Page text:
Download presentation

Presentation is loading. Please wait.

Published byKaterina Ellert Modified about 1 year ago

1
Waves, Wavelength, Frequency and Bands Al Penney VO1NO

2
Objective On completion, you should be able to: Define Frequency, Wavelength, Band; Perform simple calculations involving frequency and wavelength; and Be familiar with the bands that make up the Electromagnetic Spectrum.

3
Wave Motion Terminology

4
Frequency Defined as the number of identical parts of a wave that pass a given point in a fixed period of time. For Electromagnetic (EM) waves, we use the second as the period of time.

5
Frequency Unit of measurement is the Hertz. Abbreviation is Hz. One Hertz = 1 cycle per second. Example: 500 waves pass a point in 2 seconds. What is the frequency? – 500 cycles/2 seconds = 250 Hz

6
Frequency

7
50 cycles in 5 seconds 50/5 = 10 cycles/second = 10 Hz 150 cycles in 5 seconds 150/5 = 30 cycles/second = 30 Hz 300 cycles in 5 seconds 300/5 = 60 cycles/second = 60 Hz

8
Frequency Units The Hertz is too small for radio purposes. We use Kilohertz, Megahertz and Gigahertz as applicable: – 1 Kilohertz (KHz) = 1,000 Hz – 1 Megahertz (MHz) = 1,000,000 Hz = 1,000 KHz – 1 Gigahertz (GHz) = 1,000 MHz Example: 3,750,000 Hz = 3,750 KHz = MHz

9
Frequency Conversions To change Kilohertz (KHz) to Megahertz (MHz), divide by 1000: 3755 KHz = 3755/1000 MHz = MHz To change Megahertz (MHz) to Kilohertz (KHz), multiply by 1000: MHz = x 1000 KHz = 14,295 KHz

10
Period The period of a wave is the time it takes to complete one full cycle. It is measured in seconds. Abbreviated T T = 1/f Example: f = 100 Hz T = 1/f T = 1/100 Hz T = 0.01 seconds

11
Wavelength The distance a wave travels during one cycle is the Wavelength. For radio waves, the meter is the most common unit of length. For microwave frequencies, the centimeter is sometimes used. The symbol for wavelength is the Greek letter lambda λ.

12
λ λ

13
Waves Transverse – Vibration is at right angles to direction of propagation, e.g.: guitar string Longitudinal – Vibration is parallel to direction of propagation, e.g.: sound waves

14
Electromagnetic (EM) Waves Transverse waves Consist of Electric and Magnetic components: – In phase with each other; and – At right angles to each other. Orientation of Electric field determines Polarization.

15
Electromagnetic Waves Electric Field Magnetic Field

16
Radio Signal Wavelength EM waves travel at the speed of light: c c = 300,000,000 m/sec The relationship between wavelength and frequency for an EM wave is given as: λ in meters, f in hertz and c = 300,000,000 m/sec λ

17
Frequency Equations Because the Hertz is too small a unit to use for most practical radio work, we can use the following equations: λ = 300 / f and f = 300 / λ where λ is in meters, and f in Megahertz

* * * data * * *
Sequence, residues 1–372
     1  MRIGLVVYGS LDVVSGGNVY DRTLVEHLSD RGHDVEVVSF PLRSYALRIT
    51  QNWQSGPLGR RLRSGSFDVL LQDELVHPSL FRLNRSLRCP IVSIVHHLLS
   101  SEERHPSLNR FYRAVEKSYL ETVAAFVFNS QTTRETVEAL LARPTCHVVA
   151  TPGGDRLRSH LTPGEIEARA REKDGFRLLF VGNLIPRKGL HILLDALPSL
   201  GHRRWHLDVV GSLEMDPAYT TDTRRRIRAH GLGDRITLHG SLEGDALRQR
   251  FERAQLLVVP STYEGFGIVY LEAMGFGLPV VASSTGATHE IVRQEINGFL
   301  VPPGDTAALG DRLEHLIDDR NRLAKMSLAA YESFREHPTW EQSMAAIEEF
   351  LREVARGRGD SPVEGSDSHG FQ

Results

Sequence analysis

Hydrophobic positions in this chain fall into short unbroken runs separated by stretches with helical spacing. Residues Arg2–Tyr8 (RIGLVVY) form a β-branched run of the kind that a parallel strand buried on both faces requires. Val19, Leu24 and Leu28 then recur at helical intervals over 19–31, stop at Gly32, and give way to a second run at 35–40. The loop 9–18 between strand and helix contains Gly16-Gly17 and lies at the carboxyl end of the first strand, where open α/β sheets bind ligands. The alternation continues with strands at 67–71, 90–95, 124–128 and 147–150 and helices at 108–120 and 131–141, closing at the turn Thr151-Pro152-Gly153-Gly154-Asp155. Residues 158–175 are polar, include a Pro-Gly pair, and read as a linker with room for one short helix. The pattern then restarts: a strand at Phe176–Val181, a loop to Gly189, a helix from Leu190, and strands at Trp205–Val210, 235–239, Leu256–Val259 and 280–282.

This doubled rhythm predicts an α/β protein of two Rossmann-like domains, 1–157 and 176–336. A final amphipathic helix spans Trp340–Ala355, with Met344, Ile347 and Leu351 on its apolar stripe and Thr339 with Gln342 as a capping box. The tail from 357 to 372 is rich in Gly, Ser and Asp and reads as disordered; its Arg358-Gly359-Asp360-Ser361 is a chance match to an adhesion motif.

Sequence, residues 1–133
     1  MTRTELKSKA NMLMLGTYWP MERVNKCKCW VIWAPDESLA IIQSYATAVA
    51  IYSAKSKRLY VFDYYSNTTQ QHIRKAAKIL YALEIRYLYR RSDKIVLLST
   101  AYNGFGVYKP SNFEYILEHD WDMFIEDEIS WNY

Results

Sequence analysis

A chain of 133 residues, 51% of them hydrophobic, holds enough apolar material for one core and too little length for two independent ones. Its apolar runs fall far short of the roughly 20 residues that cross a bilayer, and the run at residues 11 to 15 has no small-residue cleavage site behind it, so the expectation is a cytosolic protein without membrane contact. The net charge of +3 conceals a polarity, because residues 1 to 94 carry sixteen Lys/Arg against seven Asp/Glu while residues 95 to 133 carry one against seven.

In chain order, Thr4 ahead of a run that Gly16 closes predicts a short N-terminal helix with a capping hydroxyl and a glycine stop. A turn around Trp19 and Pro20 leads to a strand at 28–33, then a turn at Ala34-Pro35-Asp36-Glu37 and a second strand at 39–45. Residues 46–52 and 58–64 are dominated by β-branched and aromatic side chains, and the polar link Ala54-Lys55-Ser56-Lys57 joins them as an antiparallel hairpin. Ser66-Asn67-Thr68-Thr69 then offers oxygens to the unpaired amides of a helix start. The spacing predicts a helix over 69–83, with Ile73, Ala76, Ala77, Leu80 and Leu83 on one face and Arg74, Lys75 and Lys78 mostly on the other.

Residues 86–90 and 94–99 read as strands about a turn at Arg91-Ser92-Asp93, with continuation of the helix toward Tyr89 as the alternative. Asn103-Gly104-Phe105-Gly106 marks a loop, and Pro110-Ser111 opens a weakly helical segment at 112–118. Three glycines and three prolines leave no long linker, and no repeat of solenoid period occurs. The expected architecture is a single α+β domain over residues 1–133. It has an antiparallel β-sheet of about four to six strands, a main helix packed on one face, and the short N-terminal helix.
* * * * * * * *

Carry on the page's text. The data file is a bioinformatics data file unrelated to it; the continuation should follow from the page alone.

18
Calculating Wavelength What is the wavelength of an EM wave with a frequency of 7,200 KHz?

19
Calculating Wavelength What is the wavelength of an EM wave with a frequency of 7,200 KHz? Convert 7,200 KHz to MHz

20
Calculating Wavelength What is the wavelength of an EM wave with a frequency of 7,200 KHz? Convert 7,200 KHz to MHz 7,200/1000 = 7.2 MHz λ =

21
Calculating Wavelength What is the wavelength of an EM wave with a frequency of 7,200 KHz? Convert 7,200 KHz to MHz 7,200/1000 = 7.2 MHz λ = 300 / f =

22
Calculating Wavelength What is the wavelength of an EM wave with a frequency of 7,200 KHz? Convert 7,200 KHz to MHz 7,200/1000 = 7.2 MHz λ = 300 / f = 300/7.2 = meters

23
Calculating Frequency What is the frequency of an EM wave with a wavelength of 5.9 meters? f =

24
Calculating Frequency What is the frequency of an EM wave with a wavelength of 5.9 meters? f = 300 / λ =

25
Calculating Frequency What is the frequency of an EM wave with a wavelength of 5.9 meters? f = 300 / λ = 300 / 5.9 meters = MHz

26
Wavelength versus Frequency

27
Harmonics Integer multiples of a given frequency. Example: MHz is the Fundamental frequency. Two x MHz = MHz (2 nd Harmonic) Three x MHz = MHz (3 rd Harmonic) Four x 3,550 MHz = MHz (4 th Harmonic) Note: The slang term for a Ham’s children is harmonics!

28
Frequency Allocations Electromagnetic Spectrum consists of all frequencies that EM waves could have. We are concerned primarily with those between 3 KHz and 3000 GHz however. For convenience, there are two ways to group frequencies: – By a range of frequencies possessing similar characteristics; and – By groups of frequencies with a similar wavelength.

29
Electromagnetic Spectrum

30

31

32

33
Bands A group of frequencies that lie between two clearly defined limits. Identified by a numerical value that is close to the wavelength of one of the frequencies near the center of the group. Example: 80 meter band is 3.5 to 4.0 MHz f =

34
Bands A group of frequencies that lie between two clearly defined limits. Identified by a numerical value that is close to the wavelength of one of the frequencies near the center of the group. Example: 80 meter band is 3.5 to 4.0 MHz f = 300 / λ =

35
Bands A group of frequencies that lie between two clearly defined limits. Identified by a numerical value that is close to the wavelength of one of the frequencies near the center of the group. Example: 80 meter band is 3.5 to 4.0 MHz f = 300 / λ = 300/80 =

36
Bands A group of frequencies that lie between two clearly defined limits. Identified by a numerical value that is close to the wavelength of one of the frequencies near the center of the group. Example: 80 meter band is 3.5 to 4.0 MHz f = 300 / λ = 300/80 = 3.75 MHz

37
Canadian Amateur Bands

38
137 KHz (2200 Meters) to KHz Max bandwith 100 Hz Max EIRP 1 Watt

39

40

41

42

43

44

45

46

47

48

49

50
Questions?

51

52

Similar presentations

© 2016 SlidePlayer.com Inc.

All rights reserved.

Ads by Google